Sponsors of airspace changes, mostly NATS, the air navigation services provider, or airports, are responsible for developing and consulting upon proposals. Detailed guidance is given on what impacts are to be taken into account, how they should be measured and who should be consulted. Informed by the consultation, the sponsor submits the proposal to the CAAs Directorate of Airspace Policy for
assessment. In determining whether to accept or reject a proposal, the CAAs process reflects the Secretary of States directions and guidance to the CAA on the exercise of its statutory duties and environmental objectives.
There is no direct statutory right of appeal against the Director of Airspace Policys decision. However, the Airspace change process requires that the CAA review an airspace change 12 months after implementation to determine whether the airspace change, as approved, has been implemented and whether the anticipated safety, capacity, efficiency and environmental benefits have materialised.
Mr. Gummer: To ask the Secretary of State for Transport what assessment she has made of the likely effect of expansion of (a) Heathrow and (b) Stansted airport on the height at which planes fly over Suffolk.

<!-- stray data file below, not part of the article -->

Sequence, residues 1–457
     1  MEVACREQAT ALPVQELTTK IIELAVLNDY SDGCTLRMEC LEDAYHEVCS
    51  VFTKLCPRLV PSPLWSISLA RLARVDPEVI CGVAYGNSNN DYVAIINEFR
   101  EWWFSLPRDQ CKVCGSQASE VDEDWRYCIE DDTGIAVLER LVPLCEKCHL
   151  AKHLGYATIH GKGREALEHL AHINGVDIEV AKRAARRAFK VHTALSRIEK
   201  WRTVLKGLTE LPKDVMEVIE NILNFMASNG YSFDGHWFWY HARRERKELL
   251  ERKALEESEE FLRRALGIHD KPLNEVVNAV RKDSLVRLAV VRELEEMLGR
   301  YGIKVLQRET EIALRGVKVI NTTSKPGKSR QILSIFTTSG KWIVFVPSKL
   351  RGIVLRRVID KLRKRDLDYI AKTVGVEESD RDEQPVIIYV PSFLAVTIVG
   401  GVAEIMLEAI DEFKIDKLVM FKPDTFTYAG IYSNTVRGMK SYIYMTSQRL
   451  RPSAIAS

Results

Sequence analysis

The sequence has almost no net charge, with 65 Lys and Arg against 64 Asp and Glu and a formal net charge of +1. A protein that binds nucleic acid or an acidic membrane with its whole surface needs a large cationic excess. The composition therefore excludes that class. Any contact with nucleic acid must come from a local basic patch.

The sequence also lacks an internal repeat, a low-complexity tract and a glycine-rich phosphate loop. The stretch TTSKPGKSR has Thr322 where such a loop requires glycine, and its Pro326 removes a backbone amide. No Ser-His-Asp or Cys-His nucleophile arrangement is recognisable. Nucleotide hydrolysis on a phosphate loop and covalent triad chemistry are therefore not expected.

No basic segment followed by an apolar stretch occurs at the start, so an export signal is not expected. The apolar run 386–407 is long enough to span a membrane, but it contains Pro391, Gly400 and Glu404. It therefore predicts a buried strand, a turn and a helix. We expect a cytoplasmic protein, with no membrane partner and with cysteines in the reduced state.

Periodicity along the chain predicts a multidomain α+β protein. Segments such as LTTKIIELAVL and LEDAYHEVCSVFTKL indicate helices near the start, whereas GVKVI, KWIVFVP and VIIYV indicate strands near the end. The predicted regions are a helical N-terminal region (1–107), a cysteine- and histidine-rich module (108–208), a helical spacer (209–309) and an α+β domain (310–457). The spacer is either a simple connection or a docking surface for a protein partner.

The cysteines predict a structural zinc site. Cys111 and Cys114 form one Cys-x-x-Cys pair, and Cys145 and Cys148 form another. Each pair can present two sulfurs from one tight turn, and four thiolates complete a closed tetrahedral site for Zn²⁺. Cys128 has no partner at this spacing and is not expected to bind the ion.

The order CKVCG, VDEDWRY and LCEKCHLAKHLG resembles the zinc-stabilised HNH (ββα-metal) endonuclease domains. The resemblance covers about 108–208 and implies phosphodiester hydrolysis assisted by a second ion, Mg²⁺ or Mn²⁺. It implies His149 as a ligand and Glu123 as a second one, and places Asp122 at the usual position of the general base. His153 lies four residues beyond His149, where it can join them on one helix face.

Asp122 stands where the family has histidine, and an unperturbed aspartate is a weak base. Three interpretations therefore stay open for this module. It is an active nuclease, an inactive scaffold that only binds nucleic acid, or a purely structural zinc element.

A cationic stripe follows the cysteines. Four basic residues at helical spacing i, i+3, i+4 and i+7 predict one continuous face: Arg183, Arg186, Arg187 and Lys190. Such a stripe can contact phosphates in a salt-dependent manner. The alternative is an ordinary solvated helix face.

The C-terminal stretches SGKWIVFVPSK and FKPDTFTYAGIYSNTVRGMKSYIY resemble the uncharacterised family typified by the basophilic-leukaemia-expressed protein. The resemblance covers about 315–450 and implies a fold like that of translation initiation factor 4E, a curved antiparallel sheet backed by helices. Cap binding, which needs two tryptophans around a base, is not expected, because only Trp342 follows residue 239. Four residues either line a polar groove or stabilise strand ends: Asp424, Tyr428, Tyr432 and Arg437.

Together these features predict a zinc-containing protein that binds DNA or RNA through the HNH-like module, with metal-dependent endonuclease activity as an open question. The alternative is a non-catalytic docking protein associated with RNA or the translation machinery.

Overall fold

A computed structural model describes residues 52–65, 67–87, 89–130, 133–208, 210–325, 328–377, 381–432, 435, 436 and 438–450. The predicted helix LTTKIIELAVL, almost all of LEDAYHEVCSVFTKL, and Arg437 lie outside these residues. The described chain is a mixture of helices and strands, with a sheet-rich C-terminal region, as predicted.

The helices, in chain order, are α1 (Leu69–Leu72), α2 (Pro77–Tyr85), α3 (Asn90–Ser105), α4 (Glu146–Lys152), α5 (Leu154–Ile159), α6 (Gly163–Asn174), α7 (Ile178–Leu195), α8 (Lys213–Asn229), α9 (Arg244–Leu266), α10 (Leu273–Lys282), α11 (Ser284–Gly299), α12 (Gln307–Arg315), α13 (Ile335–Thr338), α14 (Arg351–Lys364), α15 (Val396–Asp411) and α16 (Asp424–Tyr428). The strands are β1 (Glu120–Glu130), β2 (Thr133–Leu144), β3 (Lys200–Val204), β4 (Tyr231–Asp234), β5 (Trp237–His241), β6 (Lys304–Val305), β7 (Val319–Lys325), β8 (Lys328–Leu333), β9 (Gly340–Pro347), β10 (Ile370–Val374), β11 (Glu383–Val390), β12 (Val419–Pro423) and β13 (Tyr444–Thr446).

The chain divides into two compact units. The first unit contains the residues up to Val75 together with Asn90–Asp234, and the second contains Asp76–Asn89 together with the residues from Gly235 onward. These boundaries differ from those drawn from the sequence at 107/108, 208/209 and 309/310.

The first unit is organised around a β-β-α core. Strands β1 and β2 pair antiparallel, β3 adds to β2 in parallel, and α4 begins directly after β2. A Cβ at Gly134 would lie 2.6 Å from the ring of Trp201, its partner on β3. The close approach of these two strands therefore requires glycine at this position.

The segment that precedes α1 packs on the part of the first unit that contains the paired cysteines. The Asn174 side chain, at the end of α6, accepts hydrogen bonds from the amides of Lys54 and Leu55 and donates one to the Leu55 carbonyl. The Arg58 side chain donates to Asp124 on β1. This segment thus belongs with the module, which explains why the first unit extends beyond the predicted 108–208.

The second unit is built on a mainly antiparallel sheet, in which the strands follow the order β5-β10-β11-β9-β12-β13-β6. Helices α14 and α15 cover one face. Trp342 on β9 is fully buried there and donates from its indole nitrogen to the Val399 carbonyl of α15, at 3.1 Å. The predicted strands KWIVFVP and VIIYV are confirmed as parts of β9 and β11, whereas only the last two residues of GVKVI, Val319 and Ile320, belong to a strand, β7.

If it did so, BAA would seek the support of NATS, the air navigation services provider, to develop a detailed airspace change proposal in accordance with arrangements under the Civil Aviation Authority (CAA)'s independent Airspace Change Process. CAA Guidance on the Application of the Airspace Change Process (CAP725) provides detailed advice on the process. It would be for the CAA's Director of Airspace Policy to assess any airspace change proposal against regulatory requirements and determine whether any such change should be approved.